The Mathematical Theory of Probability has, as is well known, two main branches:
1°. Direct or Deductive Probability, in which the behaviour of a system is deduced from a knowledge of its constitution.
Thus the problem “What is the probability of throwing a double-six in a single cast of two dice” belongs to deductive probability, since we know the constitution of the dice–that they are symmetrical six-sided bodies–and from this knowledge we deduce the probability of a double-six.
And 2°. Inverse or Inductive Probability, in which the constitution of a system is inferred from its observed behaviour.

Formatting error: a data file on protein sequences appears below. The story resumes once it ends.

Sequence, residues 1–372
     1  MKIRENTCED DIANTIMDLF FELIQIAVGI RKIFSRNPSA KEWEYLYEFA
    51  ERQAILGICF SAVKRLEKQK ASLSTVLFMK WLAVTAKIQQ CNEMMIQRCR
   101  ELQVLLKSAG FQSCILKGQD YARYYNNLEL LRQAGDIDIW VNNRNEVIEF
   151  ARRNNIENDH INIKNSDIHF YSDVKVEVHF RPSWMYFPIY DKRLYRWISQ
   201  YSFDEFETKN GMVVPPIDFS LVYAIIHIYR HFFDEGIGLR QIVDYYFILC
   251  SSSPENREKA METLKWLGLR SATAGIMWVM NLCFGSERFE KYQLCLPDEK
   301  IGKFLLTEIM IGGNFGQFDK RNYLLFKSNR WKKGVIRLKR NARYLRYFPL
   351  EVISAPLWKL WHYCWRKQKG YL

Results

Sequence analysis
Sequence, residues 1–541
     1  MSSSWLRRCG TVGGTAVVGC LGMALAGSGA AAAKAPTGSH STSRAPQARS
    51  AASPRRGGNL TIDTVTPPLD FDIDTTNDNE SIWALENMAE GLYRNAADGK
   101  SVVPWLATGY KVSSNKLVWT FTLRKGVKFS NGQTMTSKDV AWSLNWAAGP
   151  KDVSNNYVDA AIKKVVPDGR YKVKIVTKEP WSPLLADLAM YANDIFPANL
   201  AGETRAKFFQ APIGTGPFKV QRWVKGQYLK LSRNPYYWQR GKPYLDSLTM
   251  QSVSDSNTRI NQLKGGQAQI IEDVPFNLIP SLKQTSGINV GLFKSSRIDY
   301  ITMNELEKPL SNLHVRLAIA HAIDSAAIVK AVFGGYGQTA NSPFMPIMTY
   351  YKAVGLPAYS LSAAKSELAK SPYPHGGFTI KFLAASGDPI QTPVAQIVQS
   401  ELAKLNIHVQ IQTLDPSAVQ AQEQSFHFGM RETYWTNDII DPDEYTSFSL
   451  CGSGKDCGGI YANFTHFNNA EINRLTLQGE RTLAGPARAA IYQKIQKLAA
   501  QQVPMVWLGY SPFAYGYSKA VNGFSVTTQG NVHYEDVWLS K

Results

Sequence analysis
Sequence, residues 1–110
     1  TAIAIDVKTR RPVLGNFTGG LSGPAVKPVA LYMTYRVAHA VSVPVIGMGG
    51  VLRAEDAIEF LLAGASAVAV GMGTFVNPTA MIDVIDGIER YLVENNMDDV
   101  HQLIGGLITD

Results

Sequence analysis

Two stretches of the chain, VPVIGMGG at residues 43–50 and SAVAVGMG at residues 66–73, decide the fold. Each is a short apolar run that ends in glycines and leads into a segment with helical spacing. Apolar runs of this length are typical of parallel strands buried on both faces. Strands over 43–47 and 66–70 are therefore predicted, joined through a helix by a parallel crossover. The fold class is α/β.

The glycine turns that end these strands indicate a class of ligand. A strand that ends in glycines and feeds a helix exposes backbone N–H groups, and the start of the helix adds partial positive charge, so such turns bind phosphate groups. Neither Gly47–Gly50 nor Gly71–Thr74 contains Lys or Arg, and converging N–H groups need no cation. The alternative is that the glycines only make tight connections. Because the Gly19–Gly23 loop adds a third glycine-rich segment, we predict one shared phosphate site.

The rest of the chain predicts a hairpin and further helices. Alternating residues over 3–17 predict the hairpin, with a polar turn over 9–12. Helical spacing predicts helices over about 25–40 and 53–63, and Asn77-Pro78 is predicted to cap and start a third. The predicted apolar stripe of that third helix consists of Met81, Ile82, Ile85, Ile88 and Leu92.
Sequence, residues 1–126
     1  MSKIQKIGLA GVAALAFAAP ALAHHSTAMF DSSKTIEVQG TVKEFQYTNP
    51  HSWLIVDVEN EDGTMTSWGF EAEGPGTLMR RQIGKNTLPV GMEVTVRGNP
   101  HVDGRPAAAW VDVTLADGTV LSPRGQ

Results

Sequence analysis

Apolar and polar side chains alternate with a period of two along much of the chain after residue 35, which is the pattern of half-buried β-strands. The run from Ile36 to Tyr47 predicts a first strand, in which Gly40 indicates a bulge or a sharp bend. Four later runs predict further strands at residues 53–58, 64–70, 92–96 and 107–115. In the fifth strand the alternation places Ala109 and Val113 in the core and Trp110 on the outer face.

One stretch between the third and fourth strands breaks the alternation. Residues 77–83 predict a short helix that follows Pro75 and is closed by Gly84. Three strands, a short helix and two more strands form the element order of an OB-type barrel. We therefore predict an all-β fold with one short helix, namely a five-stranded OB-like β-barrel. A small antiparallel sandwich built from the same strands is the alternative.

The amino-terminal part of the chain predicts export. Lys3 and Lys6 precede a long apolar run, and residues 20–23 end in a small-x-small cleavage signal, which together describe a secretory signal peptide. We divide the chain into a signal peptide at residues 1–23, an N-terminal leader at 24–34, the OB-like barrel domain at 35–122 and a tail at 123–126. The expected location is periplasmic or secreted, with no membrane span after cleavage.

As an example of Inductive Probability, suppose we visit a rifle-range and find a man firing at the target. At first we know nothing regarding his skill as a marksman ; but after watching a few shots we are able to form a rough estimate of it, and this estimate becomes more sharply defined and more confident the longer we observe his performance , so that ultimately we attain to a trustworthy knowledge of his “constitution” as a marksman, i.e. we can assign the probability that his next shot will hit or miss.